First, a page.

Shakespeare’s “Measure for Measure”—ostensibly a comedy—“obsesses over death,” “plays like a funeral march,” “exposes the emptiness of the romantic genre,” “leaves the audience wondering if they just watched a comedy or a tragedy.”
A comedy about death and judgment. You know I am into it.
As you may recall, we covered “Measure for Measure” in some detail in the fall of 2008. But time passes, and a man matures. Back then I called the conclusion a “deus ex machina mess.” What a fool. (Me.)
One theory proposes that Shakespeare wrote “Measure for Measure”—and made it so dark and uncomical—to show the world that he had gotten sick of writing plays in which everyone marries each other in the end. After “Measure for Measure,” the Bard never wrote another comedy.
According to this theory: Earlier comedies have more-satisfying conclusions. When “Much Ado About Nothing”’s Beatrice and Benedict get together, the world shines forth with new luster. When “The Taming of the Shrew’s” Petruchio kisses Kate, birds sing with more perfect harmony than they did before. When Lysander, Demetrius, Helena, and Hermia get everything sorted out in “A Midsummer Night’s Dream” the fairy kingdom rejoices with the human kingdom. We definitely like it when Orlando and Rosalind marry. But when everyone pairs off at the end of “Measure for Measure,” it makes no sense. No subsequent picnic under an arbor fills the imagination. So goes the theory of Shakespeare’s ultimate dissatisfaction with the genre.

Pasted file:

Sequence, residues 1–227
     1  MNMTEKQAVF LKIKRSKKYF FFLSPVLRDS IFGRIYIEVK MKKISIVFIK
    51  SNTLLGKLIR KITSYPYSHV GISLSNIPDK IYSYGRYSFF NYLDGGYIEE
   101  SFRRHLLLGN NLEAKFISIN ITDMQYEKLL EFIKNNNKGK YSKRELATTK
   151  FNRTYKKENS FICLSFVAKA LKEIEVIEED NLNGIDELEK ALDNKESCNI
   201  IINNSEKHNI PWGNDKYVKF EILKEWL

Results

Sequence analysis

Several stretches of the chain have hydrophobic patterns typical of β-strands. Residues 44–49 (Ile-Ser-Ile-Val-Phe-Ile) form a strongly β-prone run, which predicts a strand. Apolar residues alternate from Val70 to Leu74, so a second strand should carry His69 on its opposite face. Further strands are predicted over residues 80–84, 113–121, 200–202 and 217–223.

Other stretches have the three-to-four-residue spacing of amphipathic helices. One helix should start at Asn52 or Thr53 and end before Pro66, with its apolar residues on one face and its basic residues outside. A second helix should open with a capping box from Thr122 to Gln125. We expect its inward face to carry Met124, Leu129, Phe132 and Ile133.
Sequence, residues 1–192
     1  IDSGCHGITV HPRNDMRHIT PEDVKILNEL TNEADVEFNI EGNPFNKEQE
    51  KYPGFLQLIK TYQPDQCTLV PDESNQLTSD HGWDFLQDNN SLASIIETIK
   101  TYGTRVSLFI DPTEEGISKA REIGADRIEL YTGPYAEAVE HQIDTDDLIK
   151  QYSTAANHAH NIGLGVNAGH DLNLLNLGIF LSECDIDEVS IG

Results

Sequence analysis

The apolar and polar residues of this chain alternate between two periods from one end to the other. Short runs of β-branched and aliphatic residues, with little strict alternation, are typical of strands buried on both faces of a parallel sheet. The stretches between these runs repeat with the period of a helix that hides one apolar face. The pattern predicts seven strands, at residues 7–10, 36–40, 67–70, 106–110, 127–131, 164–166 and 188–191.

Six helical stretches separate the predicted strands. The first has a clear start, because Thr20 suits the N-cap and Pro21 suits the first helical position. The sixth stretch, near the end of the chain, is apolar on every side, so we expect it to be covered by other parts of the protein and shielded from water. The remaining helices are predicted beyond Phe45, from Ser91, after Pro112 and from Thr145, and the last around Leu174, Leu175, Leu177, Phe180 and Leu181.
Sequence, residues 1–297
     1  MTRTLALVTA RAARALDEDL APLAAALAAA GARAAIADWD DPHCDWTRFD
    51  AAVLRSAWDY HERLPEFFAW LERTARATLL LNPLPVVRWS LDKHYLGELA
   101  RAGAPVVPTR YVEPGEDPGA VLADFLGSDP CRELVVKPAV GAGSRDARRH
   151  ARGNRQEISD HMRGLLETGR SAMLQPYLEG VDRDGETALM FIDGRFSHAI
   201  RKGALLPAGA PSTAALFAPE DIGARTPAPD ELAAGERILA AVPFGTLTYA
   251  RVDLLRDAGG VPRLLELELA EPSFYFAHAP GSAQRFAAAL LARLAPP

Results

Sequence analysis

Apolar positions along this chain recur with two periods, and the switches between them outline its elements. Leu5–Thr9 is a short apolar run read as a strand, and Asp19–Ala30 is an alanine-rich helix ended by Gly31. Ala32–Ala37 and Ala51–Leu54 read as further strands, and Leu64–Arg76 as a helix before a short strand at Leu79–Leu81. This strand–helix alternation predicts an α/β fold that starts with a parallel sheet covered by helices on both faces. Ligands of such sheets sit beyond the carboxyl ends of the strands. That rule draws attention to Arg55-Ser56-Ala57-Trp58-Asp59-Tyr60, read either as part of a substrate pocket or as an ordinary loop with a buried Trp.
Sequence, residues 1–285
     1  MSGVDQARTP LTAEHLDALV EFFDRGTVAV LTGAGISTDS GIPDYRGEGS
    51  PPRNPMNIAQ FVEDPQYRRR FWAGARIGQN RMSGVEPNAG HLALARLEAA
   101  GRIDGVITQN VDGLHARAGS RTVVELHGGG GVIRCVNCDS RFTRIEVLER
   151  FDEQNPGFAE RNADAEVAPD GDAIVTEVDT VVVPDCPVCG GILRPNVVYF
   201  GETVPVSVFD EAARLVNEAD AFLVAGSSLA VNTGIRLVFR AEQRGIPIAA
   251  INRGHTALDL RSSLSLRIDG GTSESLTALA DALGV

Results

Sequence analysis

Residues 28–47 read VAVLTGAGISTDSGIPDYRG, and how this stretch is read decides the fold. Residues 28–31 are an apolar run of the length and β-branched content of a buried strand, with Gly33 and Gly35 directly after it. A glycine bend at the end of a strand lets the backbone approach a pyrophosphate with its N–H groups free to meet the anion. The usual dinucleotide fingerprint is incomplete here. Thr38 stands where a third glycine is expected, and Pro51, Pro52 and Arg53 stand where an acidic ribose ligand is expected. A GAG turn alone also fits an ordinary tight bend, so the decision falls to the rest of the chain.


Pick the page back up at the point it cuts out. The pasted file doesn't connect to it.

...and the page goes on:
Perhaps there is something to this theory. After all, Shakespeare wrote one other non-comedy comedy that involves: 1) an almost unbelievably obtuse husband-to-be, 2) a duke seeking justice, and 3) a cover-of-darkness tryst-bed switcheroo, in which a man intending to fornicate unknowingly sleeps with his own wife. “All’s Well that Ends Well” has all these elements, too. And he wrote that play immediately before he wrote “Measure for Measure.”
But, IMHO, “Measure for Measure” does not crash and burn, like the critics say it does. It crashes and burns in a much more Biblical way.